High Culture versus Low Culture

Culture is defined in the dictionary as:
1) the beliefs, customs, arts, etc., of a particular society, group, place, or time,
2) a particular society that has its own beliefs, ways of life, art, etc., and
3) a way of thinking, behaving or working that exists in a place or organization (such as a business). 

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High culture is aspects of culture that are deemed ‘superior’ and usually associated with (and consumed by) the elite in society: the well-educated or wealthy. It usually requires special education or training to develop and understand and is accepted by authoritative institutions as having ‘great value, importance, or significance. (Read: of greater value)

Whereas, low culture is seen as the opposite, meaning generally mass appeal popular culture. This mass appeal can be seen as rather basic, innocent, and escapist. Low culture often employs tropes and stereotypes that can be seen as offensive, emotional, and unbalanced (read: of less value).

Both terms ‘high’ and ‘low’ culture are seen as derogatory, or disrespectful toward the other. Popular culture, which changes more rapidly and, within this context is seen as a ‘lesser’ aspect of culture as it relates to socioeconomic status.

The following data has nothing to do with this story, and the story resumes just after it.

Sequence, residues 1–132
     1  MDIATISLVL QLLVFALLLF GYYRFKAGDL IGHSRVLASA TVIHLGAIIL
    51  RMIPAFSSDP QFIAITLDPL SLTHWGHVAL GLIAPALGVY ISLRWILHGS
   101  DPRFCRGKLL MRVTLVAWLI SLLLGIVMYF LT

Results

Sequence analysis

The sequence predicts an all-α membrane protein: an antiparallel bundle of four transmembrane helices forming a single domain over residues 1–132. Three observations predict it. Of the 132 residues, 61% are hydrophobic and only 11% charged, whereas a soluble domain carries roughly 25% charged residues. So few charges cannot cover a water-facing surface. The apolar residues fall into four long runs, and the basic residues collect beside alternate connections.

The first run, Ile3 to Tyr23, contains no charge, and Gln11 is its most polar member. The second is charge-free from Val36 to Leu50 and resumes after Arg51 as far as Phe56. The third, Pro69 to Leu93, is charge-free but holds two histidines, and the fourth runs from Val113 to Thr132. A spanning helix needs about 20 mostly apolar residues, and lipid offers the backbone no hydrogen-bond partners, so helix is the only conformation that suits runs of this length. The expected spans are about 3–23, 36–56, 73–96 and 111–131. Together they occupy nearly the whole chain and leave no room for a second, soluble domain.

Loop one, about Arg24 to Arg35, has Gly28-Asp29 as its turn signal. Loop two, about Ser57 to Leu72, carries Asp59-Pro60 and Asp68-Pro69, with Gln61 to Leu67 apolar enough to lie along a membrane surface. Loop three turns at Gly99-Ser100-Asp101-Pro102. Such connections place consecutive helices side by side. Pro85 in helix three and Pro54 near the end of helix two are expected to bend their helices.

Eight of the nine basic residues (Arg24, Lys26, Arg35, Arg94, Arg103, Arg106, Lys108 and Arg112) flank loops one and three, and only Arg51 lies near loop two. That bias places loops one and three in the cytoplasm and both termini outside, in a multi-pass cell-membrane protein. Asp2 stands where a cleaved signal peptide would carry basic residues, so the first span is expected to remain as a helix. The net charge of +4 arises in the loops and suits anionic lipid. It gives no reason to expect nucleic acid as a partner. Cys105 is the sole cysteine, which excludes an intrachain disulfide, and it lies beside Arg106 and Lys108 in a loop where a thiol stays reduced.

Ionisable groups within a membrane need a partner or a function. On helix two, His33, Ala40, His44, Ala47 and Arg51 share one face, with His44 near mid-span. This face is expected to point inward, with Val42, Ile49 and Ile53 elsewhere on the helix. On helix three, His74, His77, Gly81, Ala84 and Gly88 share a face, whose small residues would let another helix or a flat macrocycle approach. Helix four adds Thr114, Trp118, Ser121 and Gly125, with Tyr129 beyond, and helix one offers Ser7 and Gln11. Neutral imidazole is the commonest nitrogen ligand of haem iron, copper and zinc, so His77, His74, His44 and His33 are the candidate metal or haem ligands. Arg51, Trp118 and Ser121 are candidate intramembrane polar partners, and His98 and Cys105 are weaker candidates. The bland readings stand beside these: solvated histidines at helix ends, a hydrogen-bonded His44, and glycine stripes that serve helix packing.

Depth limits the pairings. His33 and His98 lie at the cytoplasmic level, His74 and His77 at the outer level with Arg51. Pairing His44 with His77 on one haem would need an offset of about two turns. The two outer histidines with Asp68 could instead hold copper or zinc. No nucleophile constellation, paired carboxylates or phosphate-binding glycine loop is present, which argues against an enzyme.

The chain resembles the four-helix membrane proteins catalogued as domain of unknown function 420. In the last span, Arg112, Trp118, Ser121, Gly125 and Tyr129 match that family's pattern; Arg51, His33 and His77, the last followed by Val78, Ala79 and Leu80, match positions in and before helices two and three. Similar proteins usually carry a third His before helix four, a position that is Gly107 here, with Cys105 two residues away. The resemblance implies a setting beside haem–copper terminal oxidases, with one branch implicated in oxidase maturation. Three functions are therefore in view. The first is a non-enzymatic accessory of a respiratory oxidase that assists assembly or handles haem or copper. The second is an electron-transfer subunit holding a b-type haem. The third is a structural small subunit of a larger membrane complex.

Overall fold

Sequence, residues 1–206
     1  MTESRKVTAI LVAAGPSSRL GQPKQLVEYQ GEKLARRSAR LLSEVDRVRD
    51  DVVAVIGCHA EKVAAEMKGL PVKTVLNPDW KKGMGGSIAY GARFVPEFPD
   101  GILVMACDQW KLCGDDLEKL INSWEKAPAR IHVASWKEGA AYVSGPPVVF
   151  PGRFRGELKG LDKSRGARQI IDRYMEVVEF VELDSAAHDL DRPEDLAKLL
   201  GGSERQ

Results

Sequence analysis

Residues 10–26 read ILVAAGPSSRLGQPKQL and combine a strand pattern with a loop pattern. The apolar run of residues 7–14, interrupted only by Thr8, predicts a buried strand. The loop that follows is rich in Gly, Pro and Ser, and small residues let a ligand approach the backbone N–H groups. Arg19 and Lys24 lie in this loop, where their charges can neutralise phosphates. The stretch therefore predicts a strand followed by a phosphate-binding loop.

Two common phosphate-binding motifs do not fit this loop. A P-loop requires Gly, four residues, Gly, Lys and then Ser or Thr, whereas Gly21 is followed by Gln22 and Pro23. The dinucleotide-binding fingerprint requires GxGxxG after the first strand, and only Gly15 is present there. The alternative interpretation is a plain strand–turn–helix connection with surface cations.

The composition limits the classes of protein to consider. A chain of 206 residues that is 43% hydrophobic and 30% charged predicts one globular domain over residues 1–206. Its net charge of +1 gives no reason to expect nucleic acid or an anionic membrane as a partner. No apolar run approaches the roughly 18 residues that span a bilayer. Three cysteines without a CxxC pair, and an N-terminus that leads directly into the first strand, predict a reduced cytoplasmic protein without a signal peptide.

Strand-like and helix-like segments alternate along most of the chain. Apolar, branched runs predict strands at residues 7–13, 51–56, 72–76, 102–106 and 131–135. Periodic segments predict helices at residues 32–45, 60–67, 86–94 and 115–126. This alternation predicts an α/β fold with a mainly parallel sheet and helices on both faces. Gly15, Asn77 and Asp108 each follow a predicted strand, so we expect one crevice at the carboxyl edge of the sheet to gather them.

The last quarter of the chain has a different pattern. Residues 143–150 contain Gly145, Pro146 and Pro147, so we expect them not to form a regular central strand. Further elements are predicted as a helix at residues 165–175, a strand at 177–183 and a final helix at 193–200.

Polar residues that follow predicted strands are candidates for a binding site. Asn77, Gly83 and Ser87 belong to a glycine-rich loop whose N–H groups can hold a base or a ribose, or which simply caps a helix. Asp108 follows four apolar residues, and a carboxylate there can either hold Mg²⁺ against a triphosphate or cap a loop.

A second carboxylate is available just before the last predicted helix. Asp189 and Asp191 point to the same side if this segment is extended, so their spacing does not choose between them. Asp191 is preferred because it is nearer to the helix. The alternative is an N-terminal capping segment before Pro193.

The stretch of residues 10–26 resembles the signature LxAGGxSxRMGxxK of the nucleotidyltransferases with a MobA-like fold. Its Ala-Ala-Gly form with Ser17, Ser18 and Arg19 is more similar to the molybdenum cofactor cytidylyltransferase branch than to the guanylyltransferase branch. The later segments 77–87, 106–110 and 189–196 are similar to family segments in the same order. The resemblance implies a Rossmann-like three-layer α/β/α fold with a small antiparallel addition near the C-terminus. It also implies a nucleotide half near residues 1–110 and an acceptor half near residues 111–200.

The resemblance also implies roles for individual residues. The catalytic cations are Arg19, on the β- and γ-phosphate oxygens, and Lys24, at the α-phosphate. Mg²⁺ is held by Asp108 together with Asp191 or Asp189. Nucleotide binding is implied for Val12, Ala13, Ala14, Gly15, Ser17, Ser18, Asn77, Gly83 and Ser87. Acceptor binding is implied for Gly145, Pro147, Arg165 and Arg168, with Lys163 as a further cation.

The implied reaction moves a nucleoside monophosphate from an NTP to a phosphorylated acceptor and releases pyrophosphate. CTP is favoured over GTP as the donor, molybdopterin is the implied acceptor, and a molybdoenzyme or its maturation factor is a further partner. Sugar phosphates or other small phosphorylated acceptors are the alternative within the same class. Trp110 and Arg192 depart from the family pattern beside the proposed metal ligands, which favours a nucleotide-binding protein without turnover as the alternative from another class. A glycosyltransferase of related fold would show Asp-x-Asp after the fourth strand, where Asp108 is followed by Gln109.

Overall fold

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Examples of high culture include (but are not limited to) classical music, ballet, the fine arts, poetry, and some literature. Whereas examples of low culture include kitsch, slapstick, camp, escapist fiction, popular music, comic books, tattoo art, and exploitation films. A modern example of low culture could be reality tv programs and, opposite to this, examples of modern high culture include high-end fashion (think the Berkin bag or Louis Vuitton), food, or fads. 

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High culture is consumed by “well-rounded”, “well-read”, and “educated” folks whereas low culture is consumed by those “that don’t know any better.” Some things can transition from high to low culture when it becomes consumable by the masses. Low culture has also often been seen as “primitive” or “less developed”. 

You Can’t Be Serious?!

If you have read this far, you hopefully can understand just how outdated these terms are in the 21st century, while understanding humans today as global, intercultural, and intermixed beings. One person’s high culture is another’s low culture and vice versa. This is especially true as many aspects of modern popular culture have become ‘canon’ as it were – having great value, importance, or significance since they were first produced.

Finally, if your ‘culture’ relies on degrading another person based on how they identify – or even how you identify them, maybe it is time to examine how ‘civilized’ these aspects of your culture really are.  

Part of the problem here is that no matter how outdated these ideas are, they still remain. Luckily not to the extent of influence they had, say in the twentieth century. But, they can be found around the not-so-dark hushed edges.

Over to You

How has your understanding of culture changed over time? What is something that to your understanding began as ‘popular’ culture but has shown to have greater importance over time? 

Published by livingtheamericandreamineurope

I live in Europe, I am from America.

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